Yep. Watery eyes and a trembling bottom lip. Frightened of the bus driver. That’s the mark of an emotionally superior being, right there. Boom. Take notes everyone, ‘cos this is how we do.

 

A crazy couple of weeks

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There was no blog post last Sunday, and I’m very sorry about that. Between study, travel, and illness, I haven’t had any space in my head for this ol’ bloggy blog.

Blog posts are probably going to be a little sporadic for a while – I’ve just started a very intense Graduate course, and it’s kicking my arse. It’s made me its punching bag and is throwing right hooks like it’s mad at me. So, it’s a shame but, when everything gets mental, the blog is the first to suffer. (Actually, that’s a lie – the hygiene of my flat is the first to suffer. The blog comes a close second.)

However, I WILL be posting a new story here this Sunday, I promise! Photo courtesy of Yarn

And, if you’re in the Brisbane area, you can come and see me perform a story, live! I’ll be one of the storytellers at Yarn: stories spun in Brisbane on Thursday 16th August. 6:30pm @ Dowse Bar, Paddington. The theme of the night is ‘In Transit: Stories of Going Nowhere’. Gee, I think I can relate!

Right. Back to study …

My Wicked Week

Transports of Delight

This week, I road-tested a form of transport that I’ve been hanging out to try for years – a Wicked campervan. Man, I couldn’t wait. I’ve wanted to hire one of these ever since I first saw one on the highway, trailing the fumes of exhaust and embarrassed parents.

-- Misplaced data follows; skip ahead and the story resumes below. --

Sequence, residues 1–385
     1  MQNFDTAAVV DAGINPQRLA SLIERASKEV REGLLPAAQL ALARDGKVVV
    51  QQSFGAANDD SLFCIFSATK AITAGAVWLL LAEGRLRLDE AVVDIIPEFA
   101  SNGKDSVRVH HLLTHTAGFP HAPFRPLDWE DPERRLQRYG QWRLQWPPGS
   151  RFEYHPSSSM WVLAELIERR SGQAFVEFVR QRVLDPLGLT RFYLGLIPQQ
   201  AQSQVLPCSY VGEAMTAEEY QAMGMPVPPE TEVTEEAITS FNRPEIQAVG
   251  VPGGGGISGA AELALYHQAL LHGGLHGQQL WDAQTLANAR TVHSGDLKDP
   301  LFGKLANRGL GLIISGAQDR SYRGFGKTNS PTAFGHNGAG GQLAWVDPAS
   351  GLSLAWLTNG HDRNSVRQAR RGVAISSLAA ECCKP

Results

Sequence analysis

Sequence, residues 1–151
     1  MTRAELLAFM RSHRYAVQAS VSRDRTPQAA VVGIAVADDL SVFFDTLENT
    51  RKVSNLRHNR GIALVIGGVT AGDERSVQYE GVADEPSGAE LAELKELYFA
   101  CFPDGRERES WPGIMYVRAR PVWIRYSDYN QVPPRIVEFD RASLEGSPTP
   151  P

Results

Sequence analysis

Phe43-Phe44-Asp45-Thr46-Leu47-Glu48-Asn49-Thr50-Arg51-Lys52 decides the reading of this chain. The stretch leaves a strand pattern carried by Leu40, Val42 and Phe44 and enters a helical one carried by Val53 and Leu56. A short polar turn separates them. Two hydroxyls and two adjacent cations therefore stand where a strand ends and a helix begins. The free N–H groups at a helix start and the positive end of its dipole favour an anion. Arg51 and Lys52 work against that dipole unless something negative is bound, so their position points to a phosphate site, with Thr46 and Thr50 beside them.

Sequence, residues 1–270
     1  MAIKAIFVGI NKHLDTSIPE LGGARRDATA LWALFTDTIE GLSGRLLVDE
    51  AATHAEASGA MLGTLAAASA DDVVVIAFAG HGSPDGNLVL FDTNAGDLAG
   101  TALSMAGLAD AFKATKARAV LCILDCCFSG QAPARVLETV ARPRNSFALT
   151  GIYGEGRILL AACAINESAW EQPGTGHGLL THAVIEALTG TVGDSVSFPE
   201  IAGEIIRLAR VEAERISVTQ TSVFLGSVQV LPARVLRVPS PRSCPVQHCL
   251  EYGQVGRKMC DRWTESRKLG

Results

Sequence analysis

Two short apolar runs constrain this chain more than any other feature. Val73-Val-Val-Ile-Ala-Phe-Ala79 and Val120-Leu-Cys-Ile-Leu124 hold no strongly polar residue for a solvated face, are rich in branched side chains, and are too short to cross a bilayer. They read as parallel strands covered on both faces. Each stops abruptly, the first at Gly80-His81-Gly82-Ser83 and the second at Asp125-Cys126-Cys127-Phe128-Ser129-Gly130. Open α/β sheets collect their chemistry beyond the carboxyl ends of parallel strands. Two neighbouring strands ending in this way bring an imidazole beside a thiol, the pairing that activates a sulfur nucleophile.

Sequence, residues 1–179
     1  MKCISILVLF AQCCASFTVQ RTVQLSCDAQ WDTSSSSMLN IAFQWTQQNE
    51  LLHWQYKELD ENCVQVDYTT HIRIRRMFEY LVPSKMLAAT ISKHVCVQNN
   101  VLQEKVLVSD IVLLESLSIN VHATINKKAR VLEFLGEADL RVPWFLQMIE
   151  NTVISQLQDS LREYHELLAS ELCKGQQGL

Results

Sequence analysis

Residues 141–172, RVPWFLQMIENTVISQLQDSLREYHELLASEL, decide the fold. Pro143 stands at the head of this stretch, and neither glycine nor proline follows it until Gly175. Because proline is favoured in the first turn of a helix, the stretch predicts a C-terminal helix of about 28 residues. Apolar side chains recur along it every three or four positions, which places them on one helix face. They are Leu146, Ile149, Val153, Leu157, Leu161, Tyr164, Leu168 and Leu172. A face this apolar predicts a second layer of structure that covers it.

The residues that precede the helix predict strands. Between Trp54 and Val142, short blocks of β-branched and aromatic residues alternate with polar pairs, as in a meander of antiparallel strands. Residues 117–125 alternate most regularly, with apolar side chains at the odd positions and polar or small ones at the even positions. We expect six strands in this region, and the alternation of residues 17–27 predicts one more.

You know, Wicked campers. Backpacking institution. Painted with crazy artwork, break down at the drop of a hat? Anna Bligh called them racist? You know the ones.

Wicked vans are awesome for their cheap price and rebellious paint jobs. But the thing that really struck my fancy was the handwritten graffiti all over the inside of the van. It seemed like every backpacker who’d passed through that van had scribed something. There were at least five quotations signed by a Pouick, and my boyfriend and I seemed to keep finding more. For the whole week, one of us would be firing up the barbecue or doing the dishes, and the other would yell from inside, “I FOUND ANOTHER POUICK!”

Pouick and Pouick-related graffiti.

This Pouick was clearly a backpacking epigrammatist of the highest order, whose wisdom has been immortalised on the ceiling of the van. Sage advice such as: “Rain is not a camper’s friend.” “Slow down camper, you will see that koala.” And perhaps the most enigmatic of Pouick’s quotations: “No, Meaghan, don’t look at me. Look away. Don’t look at me!!!”

The inside of the van was patchworked with doodles and scribbles. It was like the walls of a ladies’ toilet in a university arts building – but less insane (Pouick excepted). Instead of diatribes or weepy confessionals about sexually confused boyfriends, Wicked campers wrote heartfelt messages of love, advice on cool places to visit, and personal jokes from their trip. After a week, it felt like my boyfriend and I were travelling not just with each other, but also with a gang of cool new friends who had shared their memories with us. It was a beautiful and warming thought … Until my boyfriend started wondering aloud if Pouick might actually be living secretly inside the van somewhere. After all, we kept finding new Pouick quotes that we could swear weren’t there before. Then I wondered if those scratching noises we’d heard all night weren’t really possums, but the sounds of Pouick’s ghost trying to get back in. It was hard to sleep after that.